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The violence of everyday

new-detention-centre-for-south-australia-363086In a world in which we’ve been desensitised to the shock of war and conflict, in which those two very things are normalised, you sometimes need to slow things down, step outside and put things into perspective. This year at TiNA, I saw an event that did just that. It was the publication of Westside Jnr’s 2010 book: Violence.

Launched fittingly on the International Day of Non-Violence, the book is a collection of writing that arose out of workshops at seven schools in Western Sydney. The workshops were run, in conjunction with the Australian Literacy and Numeracy Foundation, as part of the Refugee Action Support Project. Alongside the writing workshops there were forum theatre workshops on bullying, where students learned ways of defusing situations before they escalate.

As someone who works in a school, seeing the video and hearing the speeches from the RAS workshop mentors was empowering. There, in a relatively safe surrounding, people were able to practise their negotiation skills and build confidence in saying what they felt. New skills were found among all attendees; for instance, one Sudanese teenage boy proved so good at negotiating and defusing, he passed some of those skills onto the mentors.

As you would expect from a book of this nature, of young voices first-hand, the writing in Violence is raw. Yet it is for that reason that they are all the more forceful. Names have been withheld to protect people’s privacy, but that only seems to enhance the book, adding a kind of universality to the stories. When read, the effect is powerful.

The stories fluctuate through tenses like many conversations do. Shifting and stilting with each sentence, there’s a certain youthfulness to these voices. The process of writing is also highlighted, through the inclusion of many crossed-out words, or text written in multiple drafts. This concept was also illustrated at the launch when Stanley, a Congolese man of 18, read out his contribution. Short and one-line long, the story was about him as a boy in the Congo seeing a pregnant woman shot. His second story went into more detail, including the image of him running with tears down his face after witnessing the event.

Stanley reads at launchAs Stanley said at the launch, writing these stories down was the first time he had ever told the story to anyone; it was also the first time he had read it. He said that just to put the words to the image and voice them aloud was to get them out of his head. It hurt, but it helped.

The rest of the stories in the book are along the same line, simple but heartbreaking. Take, for example, the one in which someone is sitting at school alone. Short and sweet, it hits that feeling more genuinely then any micro-fiction could.

Westside Jnr also includes interviews with local psychologists, and Muslim and Vietnamese centre workers talking about day-to-day encounters with violence. About the stories they hear and the approaches they have for dealing with those stories.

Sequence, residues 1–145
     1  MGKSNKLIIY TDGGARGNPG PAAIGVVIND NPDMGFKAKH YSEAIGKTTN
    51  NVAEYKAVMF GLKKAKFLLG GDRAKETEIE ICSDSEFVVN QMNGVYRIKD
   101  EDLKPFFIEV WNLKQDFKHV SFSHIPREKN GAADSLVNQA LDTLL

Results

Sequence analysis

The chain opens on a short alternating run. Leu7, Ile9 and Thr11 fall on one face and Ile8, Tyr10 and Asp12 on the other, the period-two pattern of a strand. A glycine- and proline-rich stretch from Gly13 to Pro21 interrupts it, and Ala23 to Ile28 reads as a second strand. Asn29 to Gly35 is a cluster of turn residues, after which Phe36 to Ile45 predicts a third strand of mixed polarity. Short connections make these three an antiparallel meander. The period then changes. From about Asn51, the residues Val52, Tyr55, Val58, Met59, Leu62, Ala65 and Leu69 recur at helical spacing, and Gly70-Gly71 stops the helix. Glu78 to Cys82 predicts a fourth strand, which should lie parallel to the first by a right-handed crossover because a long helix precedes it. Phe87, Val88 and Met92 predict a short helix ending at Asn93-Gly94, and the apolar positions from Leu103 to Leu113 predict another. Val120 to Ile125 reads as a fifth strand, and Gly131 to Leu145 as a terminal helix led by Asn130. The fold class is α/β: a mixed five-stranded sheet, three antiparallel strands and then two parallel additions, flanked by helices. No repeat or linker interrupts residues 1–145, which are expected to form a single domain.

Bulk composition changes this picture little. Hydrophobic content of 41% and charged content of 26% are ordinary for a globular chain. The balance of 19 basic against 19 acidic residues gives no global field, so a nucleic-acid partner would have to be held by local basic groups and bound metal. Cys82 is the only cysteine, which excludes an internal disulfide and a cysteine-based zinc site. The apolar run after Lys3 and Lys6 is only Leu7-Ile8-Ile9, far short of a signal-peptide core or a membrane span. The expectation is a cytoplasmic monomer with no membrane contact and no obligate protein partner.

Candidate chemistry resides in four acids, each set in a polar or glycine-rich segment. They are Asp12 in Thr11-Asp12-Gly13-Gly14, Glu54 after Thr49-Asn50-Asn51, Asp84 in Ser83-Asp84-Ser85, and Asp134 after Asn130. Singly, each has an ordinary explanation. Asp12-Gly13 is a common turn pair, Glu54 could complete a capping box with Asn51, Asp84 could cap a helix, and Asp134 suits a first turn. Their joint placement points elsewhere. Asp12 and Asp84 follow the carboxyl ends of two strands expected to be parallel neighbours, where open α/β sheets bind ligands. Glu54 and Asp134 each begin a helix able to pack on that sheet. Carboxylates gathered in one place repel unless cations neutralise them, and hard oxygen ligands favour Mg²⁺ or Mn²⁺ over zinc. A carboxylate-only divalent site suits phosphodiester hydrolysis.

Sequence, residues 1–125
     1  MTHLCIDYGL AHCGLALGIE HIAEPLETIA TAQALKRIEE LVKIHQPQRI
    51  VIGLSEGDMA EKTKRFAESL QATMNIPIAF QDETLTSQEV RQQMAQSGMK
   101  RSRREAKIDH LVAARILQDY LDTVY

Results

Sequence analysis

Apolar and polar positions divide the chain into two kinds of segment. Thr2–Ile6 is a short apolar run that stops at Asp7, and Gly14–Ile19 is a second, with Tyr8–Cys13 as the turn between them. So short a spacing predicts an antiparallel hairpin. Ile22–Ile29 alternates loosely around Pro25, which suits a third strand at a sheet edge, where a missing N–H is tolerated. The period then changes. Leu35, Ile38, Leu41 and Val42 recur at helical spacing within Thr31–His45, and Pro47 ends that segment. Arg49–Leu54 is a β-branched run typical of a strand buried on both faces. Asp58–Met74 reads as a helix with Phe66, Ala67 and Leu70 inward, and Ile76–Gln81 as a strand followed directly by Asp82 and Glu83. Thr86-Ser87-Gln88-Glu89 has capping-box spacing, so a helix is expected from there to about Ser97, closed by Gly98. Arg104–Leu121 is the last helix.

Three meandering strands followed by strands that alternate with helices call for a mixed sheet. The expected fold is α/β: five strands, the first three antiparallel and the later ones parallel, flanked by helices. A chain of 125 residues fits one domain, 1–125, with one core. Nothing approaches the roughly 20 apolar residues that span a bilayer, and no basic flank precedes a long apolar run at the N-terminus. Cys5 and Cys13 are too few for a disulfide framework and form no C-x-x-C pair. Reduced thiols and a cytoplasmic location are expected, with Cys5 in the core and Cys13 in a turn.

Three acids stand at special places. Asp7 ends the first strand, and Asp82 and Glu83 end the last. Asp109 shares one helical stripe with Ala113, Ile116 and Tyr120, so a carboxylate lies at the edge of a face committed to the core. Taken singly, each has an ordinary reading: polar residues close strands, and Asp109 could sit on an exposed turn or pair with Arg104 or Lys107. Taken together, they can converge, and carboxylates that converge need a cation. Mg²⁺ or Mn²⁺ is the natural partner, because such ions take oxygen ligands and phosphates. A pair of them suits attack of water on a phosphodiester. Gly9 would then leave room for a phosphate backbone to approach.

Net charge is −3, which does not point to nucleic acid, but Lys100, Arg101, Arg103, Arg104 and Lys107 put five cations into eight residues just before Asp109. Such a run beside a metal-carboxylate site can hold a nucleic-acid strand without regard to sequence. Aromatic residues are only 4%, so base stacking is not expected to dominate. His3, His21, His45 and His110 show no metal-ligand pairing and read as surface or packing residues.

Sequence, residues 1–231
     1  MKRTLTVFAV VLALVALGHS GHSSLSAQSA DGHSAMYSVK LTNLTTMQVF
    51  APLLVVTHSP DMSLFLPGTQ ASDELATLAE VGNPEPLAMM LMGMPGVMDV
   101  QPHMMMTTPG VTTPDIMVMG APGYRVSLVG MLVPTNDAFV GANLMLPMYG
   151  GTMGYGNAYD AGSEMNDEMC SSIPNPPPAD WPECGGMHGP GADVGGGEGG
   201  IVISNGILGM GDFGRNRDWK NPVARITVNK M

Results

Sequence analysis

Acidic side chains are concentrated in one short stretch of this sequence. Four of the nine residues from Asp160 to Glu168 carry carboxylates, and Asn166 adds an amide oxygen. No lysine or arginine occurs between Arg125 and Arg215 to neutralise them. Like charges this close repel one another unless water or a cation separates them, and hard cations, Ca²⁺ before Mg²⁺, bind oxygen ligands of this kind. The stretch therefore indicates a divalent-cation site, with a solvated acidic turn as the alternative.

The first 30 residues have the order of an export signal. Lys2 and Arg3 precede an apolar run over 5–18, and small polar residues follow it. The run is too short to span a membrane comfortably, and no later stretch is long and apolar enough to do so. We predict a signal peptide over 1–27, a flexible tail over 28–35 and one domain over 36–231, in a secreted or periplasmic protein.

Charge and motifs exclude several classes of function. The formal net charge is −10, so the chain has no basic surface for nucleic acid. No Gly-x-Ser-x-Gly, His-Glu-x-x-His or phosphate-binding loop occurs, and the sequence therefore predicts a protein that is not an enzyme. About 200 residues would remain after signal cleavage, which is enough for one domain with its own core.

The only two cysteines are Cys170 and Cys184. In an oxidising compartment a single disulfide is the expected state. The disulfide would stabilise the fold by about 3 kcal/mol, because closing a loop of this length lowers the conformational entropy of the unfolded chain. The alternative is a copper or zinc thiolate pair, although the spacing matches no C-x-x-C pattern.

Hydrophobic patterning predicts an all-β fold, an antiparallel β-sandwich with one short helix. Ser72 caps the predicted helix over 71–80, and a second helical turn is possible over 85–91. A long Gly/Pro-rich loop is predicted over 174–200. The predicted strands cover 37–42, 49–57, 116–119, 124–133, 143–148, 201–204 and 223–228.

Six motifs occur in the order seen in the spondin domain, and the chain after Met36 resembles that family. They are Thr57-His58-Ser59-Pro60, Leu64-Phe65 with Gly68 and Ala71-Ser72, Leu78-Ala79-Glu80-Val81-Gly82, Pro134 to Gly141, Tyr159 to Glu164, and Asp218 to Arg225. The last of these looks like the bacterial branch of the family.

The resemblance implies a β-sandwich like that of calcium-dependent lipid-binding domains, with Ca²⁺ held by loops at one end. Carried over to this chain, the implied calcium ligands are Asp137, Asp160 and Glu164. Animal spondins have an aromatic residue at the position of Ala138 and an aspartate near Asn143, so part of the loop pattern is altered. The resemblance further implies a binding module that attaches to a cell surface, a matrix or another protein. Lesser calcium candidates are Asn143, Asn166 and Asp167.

There is also an interview with a photographer who was at the Cronulla riots. He took a photo of some Middle Eastern young men being set upon by a pack of 30 white young men. His description of the mood around that, of the violence of the pack hunt, of his failure to stop it is powerful to read and made me more frustrated and angry about the racism and violence that still exists tody, the kind that leads to inhumane and unjust policies.

The launch ended with an open discussion in which one of the sponsors of the program mentioned how beneficial these kinds of programs were; sponsors were now planning on expanding the program to other regions and cities in New South Wales. Most tellingly, he spoke of how the teachers in the program found children from refugee backgrounds were better students to teach – they wanted to learn, fit in and improve. Having seen the frustration of teachers working with kids who don’t want to work, I can only imagine the joy.

And I think it’s this that we need to remember. The main motivation for coming all the way to Australia from far away places is the desire of people to live in a world free from the violence they have encountered.

Overland is a not-for-profit magazine with a proud history of supporting writers, and publishing ideas and voices often excluded from other places.

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Scott Foyster lives in Mpartnwe/Alice Springs where he writes and collects stories to share. He is one of the editors of Wai, an independent quarterly national newspaper on social jusice and environmental issues around the country/region, and is also one half of Black Kite Press, an independent press that is currently working on it's first publication.

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